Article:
Imaginatorium Shop, version 2
Welcome to the new Imaginatorium site at
imaginatorium.com. There is no "total reorganisation", so you should be able to find things easily, and eventually any bookmarks to the old shop will be redirected to the right page. The new checkout is working, which means that in simple cases you will be able to complete a purchase in the normal way.
Covid-19: Shop status
There are still many problems in the postal system, varying hugely from one country to another. More details on the front page, and at the checkout there will be more specific information about the destination country (sorry: not implemented for all countries yet!).
Jigsaw puzzles from Japan
Temples and gardens of Kyoto
Kyoto is Japan's number one tourist magnet, and not without good reason. All around the city are temples and gardens, a reminder of the power and riches that once belonged to the old capital, now captured by the camera of Mizuno Katsuhiko.
No puzzles currently available
Photographs by Mizuno Katsuhiko
It is a pleasant surprise to find puzzles with a credit to the photographer. Born in Kyoto in 1941, Mizuno earned a degree in literature from Doshisha University in 1964. Since 1969 he has worked as a freelance photographer, in a lifelong quest to capture the essence of Japanese tradition in his native city, and resulting in publication of some one hundred books of his photographs.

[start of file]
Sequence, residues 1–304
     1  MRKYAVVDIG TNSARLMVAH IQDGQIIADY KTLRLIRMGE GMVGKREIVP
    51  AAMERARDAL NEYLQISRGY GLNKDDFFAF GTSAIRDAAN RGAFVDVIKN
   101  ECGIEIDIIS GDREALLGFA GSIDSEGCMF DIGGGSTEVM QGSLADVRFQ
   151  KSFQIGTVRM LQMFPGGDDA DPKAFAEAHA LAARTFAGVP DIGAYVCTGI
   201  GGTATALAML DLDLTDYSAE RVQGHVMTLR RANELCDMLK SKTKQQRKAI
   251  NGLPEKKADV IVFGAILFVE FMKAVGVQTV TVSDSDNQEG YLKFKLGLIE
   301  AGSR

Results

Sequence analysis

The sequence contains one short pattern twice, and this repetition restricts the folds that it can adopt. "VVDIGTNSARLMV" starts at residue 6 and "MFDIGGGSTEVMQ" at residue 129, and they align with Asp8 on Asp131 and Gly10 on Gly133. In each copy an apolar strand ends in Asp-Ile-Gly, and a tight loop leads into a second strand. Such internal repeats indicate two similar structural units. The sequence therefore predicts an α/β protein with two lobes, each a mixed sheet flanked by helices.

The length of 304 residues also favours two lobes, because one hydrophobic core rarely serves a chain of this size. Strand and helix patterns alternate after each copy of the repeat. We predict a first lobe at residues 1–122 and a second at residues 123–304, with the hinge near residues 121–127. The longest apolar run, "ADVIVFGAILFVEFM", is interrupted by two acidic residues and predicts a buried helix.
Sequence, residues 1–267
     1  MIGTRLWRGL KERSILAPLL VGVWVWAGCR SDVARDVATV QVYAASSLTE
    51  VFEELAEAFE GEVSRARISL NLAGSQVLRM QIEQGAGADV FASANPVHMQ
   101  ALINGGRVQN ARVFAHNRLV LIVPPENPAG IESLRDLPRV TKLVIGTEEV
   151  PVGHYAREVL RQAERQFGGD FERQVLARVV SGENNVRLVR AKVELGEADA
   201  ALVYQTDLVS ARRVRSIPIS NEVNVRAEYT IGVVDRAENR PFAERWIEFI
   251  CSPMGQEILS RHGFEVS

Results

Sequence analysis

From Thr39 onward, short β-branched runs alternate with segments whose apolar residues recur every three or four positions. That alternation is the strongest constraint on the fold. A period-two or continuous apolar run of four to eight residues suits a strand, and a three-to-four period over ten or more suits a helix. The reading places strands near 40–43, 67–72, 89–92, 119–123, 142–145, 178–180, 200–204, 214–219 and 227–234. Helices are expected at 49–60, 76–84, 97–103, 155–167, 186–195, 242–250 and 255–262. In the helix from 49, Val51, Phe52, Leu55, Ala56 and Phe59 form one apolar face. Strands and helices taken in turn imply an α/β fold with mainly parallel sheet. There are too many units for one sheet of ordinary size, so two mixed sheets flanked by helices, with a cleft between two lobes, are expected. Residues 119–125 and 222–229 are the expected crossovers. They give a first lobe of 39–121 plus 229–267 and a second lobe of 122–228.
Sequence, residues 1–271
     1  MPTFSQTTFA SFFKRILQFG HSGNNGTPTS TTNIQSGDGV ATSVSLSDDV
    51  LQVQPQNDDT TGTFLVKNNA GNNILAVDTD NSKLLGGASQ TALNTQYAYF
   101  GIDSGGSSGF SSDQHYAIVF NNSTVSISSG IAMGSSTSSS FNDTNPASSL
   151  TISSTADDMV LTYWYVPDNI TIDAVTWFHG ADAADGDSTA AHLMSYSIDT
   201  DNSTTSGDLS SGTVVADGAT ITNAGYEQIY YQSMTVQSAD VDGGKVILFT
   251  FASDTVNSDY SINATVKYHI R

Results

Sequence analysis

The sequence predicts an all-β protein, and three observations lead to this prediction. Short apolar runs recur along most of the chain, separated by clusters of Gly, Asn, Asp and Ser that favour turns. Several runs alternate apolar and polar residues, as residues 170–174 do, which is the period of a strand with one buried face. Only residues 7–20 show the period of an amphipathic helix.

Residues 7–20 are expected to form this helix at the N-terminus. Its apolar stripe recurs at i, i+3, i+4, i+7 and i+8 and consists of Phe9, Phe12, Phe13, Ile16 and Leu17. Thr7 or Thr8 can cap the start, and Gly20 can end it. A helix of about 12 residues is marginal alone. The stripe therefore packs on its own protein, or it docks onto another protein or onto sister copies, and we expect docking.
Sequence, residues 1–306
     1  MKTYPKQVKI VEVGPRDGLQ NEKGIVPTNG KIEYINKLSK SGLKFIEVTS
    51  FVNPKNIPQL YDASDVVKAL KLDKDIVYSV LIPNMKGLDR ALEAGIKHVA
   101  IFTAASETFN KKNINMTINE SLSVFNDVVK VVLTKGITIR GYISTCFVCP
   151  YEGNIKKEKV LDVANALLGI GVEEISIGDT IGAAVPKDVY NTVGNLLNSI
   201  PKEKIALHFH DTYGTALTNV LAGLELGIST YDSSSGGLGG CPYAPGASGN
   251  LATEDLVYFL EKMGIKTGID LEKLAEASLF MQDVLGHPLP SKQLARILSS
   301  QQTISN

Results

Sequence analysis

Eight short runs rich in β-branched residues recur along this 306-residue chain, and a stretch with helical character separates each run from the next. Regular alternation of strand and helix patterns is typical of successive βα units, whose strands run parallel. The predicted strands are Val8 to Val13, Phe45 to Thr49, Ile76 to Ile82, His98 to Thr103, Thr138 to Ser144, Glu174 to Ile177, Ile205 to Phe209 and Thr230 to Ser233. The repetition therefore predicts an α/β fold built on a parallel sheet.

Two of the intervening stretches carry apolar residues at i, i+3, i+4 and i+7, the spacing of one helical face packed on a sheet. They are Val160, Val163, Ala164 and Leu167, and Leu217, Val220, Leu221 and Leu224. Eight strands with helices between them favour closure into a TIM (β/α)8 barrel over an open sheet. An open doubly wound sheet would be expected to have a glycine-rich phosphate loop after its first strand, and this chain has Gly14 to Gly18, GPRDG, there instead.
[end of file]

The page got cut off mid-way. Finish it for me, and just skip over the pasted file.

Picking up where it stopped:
Although he has some books published in English, none seems to be in print. (Search ABE for used books)
Temples and names
Most of these names are basically Chinese, so they come out as a string of hard-to-remember syllables. I've added little glosses to the characters (kanji), which should at least be a little more memorable. Take them with a pinch of salt, though. In text I've used characters with circumflex accents (e.g. 'ô') to indicate long vowels; more conventionally these would be macrons as in the blue pronunciation keys.
As usual, I'm writing Japanese names in the original order, so Mizuno is the photographer's family name. (Same as Chinese names, actually, and surely no-one thinks Mao Tse-Tung was "Mr Tung"?) This has always seemed more sensible to me, and recently Japanese practice has swung back this way; at least one of his photo books in English has him as "Mizuno Katsuhiko." Predictably, if you look at the list at ABE half the booksellers have got him backwards.
- Browse other puzzles featuring temples and gardens.
For reference: you can view all the puzzles of Mizuno's photographs that are out of print in the Attic.